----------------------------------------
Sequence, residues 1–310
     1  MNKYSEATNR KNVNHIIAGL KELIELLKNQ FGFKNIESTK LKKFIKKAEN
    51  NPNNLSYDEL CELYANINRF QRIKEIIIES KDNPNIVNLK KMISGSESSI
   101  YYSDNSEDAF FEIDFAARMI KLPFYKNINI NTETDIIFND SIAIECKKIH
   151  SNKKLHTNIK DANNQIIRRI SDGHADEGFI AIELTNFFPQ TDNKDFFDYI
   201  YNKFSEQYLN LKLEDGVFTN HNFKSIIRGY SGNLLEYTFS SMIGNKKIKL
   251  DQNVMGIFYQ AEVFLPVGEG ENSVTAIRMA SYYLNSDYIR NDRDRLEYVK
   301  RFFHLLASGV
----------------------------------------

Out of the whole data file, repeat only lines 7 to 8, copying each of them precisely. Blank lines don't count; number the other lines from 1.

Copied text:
   251  DQNVMGIFYQ AEVFLPVGEG ENSVTAIRMA SYYLNSDYIR NDRDRLEYVK
   301  RFFHLLASGV